Sunday, August 30, 2009

Nickel and Dim(med)

I'm having a hard time deciding what to write about Barbara Ehrenreich's Nickel and Dimed: On (Not) Getting By in America. One the one hand, it is definitely good to see a journalist actually applying some of the rhetoric that gets thrown around the newsroom, in that she actually tried to survive on poverty wages, rather than accepting tainted, conventional wisdom on the subject, taken from left or right. On the other hand, this book practically drips with condescension towards those in the jobs she takes on (Wal-Mart sales clerk, waitress, heinemakkefrau) and bends more toward pity than empathy. What's certain is that this is a book everybody should read, and that ought to be read especially by those on the right who want to abolish social welfare and by those on the left who believe throwing more bureaucracy at the problem of poverty in America is going to fix everything.

The condescension comes particularly when Ehrenreich goes undercover working at a Wal-Mart in suburbian Minneapolis (and starts off by showing that she has no idea what the real definition of "Minnesota Nice" means). She derides the personality "survey" she takes as part of the application process, in which she imagines the company is searching for sheep:
You might expect a bit of grumbling, some signs of unrest -- graffiti on the horatory posters in the break room, muffled guffwas during our associate meetings -- but I can detect none of that. Maybe this is what you get when you weed out all the rebels with drug tests and personality "surveys" -- a uniformly servile and denatured workforce, content to dream of the distant day when they'll be vested in the company's profit-sharing plan. They even join in the "Wal-Mart cheer" when required to do so at meetings, I'm told by the evening fitting room lady, thought I am fortunate enough never to witness this final abasement.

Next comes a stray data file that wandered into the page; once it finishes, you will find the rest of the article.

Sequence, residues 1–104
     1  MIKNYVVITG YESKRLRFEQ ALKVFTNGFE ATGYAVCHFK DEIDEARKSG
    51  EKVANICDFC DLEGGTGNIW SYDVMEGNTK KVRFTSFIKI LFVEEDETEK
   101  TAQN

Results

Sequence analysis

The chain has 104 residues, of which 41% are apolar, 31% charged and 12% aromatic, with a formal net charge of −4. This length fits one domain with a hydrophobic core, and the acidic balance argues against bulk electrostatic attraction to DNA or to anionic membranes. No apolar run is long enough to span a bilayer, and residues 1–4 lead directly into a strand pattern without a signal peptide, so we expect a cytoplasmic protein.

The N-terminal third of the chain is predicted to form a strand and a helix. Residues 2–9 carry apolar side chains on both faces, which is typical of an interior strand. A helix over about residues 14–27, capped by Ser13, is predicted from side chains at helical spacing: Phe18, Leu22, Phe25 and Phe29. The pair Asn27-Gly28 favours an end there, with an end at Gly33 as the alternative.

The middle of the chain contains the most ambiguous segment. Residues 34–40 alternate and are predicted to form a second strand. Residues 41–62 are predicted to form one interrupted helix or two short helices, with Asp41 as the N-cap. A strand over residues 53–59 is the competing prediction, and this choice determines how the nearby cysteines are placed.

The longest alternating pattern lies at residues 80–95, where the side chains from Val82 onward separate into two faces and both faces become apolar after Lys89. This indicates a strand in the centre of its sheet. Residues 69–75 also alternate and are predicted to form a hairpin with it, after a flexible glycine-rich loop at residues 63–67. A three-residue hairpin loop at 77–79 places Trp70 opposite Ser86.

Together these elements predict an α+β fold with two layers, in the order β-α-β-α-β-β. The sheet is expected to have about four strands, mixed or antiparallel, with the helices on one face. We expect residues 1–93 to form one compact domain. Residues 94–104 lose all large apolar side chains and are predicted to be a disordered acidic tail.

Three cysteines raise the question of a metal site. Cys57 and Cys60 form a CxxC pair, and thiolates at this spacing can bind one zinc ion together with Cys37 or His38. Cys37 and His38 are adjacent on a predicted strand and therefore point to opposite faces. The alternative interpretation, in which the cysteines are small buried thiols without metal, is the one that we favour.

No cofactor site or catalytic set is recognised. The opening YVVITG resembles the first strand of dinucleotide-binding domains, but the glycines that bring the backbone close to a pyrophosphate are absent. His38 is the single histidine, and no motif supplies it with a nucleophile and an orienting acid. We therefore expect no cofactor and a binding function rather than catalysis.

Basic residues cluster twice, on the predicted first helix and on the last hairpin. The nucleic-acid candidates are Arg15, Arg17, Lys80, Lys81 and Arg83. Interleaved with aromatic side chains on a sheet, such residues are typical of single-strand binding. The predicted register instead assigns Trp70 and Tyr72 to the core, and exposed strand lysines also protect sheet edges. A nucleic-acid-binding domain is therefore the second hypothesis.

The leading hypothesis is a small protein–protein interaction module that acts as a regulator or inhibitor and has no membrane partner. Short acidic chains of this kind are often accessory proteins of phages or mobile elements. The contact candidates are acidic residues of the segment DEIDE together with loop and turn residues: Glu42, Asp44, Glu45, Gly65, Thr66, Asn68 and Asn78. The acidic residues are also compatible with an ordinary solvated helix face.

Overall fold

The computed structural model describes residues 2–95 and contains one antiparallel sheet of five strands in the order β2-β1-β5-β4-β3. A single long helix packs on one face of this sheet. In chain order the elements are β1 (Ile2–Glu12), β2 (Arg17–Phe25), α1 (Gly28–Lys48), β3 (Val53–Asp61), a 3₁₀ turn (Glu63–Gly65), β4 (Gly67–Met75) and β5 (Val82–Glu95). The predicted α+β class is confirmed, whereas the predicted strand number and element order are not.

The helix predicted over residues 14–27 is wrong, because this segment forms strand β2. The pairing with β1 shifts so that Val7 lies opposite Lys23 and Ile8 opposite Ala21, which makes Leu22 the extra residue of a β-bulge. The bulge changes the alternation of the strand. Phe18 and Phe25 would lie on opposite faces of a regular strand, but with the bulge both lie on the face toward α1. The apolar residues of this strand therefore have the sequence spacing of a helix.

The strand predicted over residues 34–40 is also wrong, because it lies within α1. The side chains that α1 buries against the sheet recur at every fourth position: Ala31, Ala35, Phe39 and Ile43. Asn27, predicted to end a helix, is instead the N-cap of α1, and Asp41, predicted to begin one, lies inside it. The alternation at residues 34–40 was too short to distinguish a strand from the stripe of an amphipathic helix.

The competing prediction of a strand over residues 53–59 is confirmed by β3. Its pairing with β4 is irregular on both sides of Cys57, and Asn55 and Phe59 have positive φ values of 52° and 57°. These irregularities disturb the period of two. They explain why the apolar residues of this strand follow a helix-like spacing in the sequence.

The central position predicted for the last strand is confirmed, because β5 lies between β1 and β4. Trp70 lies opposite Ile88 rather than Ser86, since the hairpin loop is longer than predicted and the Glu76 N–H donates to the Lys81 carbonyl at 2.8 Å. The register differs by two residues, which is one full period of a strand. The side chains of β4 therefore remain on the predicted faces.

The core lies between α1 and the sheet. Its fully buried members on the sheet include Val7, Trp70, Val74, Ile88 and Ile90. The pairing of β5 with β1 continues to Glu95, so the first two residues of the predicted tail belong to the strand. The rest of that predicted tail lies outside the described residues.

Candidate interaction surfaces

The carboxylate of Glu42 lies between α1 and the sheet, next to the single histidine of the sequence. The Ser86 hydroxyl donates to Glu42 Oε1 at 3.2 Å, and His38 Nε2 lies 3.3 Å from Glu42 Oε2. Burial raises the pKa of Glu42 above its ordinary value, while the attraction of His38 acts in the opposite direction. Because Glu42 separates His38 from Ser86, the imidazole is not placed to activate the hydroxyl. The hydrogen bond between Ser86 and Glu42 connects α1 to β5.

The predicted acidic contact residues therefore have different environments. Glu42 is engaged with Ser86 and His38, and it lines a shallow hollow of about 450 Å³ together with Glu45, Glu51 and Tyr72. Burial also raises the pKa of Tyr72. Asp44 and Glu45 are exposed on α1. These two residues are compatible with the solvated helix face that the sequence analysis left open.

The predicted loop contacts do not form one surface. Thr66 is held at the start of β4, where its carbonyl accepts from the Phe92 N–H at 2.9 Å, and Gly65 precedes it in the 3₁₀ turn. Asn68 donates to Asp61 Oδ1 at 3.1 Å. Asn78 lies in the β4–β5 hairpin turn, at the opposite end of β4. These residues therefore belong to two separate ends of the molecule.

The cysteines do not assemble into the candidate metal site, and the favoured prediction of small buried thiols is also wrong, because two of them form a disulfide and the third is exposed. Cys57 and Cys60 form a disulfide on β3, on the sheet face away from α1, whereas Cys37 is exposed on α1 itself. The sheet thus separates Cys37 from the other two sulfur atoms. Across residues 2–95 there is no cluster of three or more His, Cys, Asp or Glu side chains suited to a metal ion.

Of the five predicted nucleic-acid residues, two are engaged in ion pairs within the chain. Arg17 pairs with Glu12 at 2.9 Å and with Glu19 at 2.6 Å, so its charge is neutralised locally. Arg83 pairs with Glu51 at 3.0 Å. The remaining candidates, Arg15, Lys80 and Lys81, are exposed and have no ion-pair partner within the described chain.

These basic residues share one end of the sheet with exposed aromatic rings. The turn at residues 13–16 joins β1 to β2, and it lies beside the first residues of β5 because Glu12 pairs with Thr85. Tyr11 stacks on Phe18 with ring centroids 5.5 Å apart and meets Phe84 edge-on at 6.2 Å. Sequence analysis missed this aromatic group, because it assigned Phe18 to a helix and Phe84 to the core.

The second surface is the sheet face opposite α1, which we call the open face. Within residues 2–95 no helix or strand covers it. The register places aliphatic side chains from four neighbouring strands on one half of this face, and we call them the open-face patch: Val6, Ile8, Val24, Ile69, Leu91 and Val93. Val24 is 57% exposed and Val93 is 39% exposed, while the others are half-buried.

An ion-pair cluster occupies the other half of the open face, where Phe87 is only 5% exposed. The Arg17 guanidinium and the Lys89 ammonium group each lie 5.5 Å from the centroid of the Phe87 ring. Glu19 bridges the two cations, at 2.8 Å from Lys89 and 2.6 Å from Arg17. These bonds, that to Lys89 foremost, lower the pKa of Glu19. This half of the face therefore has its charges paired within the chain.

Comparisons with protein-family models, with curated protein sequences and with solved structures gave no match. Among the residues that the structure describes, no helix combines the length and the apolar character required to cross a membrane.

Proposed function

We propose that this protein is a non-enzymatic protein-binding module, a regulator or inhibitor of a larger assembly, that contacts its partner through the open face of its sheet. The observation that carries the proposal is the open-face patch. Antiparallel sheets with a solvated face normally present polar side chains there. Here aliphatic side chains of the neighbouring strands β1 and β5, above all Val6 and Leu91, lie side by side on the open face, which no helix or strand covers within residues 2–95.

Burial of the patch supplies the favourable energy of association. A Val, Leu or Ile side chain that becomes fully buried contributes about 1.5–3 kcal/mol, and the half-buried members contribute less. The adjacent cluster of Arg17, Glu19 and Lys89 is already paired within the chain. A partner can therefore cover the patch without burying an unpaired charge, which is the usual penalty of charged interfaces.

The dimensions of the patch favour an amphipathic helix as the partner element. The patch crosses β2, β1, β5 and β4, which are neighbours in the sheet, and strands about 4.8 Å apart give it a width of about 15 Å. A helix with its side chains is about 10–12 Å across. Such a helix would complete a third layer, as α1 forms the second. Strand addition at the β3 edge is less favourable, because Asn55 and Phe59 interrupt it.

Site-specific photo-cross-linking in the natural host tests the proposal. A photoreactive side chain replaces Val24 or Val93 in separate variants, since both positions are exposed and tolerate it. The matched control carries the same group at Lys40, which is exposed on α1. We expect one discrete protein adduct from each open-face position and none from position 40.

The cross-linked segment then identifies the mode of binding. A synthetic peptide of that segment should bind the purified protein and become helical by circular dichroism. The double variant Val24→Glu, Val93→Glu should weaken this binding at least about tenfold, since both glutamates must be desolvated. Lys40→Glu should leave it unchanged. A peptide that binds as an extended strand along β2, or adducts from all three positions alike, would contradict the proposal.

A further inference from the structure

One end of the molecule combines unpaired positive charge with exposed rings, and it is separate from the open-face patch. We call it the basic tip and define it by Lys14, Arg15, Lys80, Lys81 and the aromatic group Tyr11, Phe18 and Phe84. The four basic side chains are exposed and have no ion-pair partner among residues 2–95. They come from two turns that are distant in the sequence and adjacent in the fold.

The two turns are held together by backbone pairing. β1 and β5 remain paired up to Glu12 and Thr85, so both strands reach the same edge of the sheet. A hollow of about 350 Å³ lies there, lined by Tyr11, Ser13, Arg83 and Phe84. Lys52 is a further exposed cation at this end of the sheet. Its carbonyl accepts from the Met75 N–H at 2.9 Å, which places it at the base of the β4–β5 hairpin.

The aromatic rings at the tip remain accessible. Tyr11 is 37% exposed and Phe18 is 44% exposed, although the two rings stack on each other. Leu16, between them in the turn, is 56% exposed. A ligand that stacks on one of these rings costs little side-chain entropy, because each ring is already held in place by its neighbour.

But if it's hard work to think "out of the box," it may be almost impossible to think out of the Big Box. Wal-Mart, when you're in it, is total -- a closed system, a world unto itself.
Ehrenreich may have indeed penetrated the world of the working poor, but she demonstrates the typical journalistic and, frankly, liberal weakness in thinking that a few weeks' immersion in the society, looking through lenses more attuned to what she expects to find (sheeple, servile morons clinging to religion) she fails to understand what's really going on. She seems to think a few idle conversations with the people she works with entitles her to fill their heads with all sorts of thoughts that may or may not be their own.

Also comical is Ehrenreich's belief that, with a few rabble-rousing comments she made, which were reciprocated by a handful of her co-workers at Wal-Mart, that she could have led a revolt that would have brought one of Minneapolis' Wal-Marts to its knees. She concedes that unions in of themselves aren't a cure-all and invite a certain amount of corruption into the mix, but it is amusing to see in her what I see in myself: Delusions of grandeur when what is more appropriate are delusions of accuracy.

I'm not saying I have a perfect understanding of this world, but I'm tempted to believe I understand a few things better than she does. In 2005-06, I spent just over a year in this world, working telemarketing jobs in the afternoon and evenings and a retail job in the mornings. I didn't meet sheeple unwilling to question what was going on, but very intelligent people recognizing that, yeah, they're not in the best position of their lives at the moment, but things will get better. They're not frozen where they are. I certainly wasn't, though I felt some times that I was.

The working poor certainly exist in this nation. I was one of them, for a year. I survived and got out of it, supporting a wife and three kids all the while. So read Ehrenreich's book, but don't take it as gospel.

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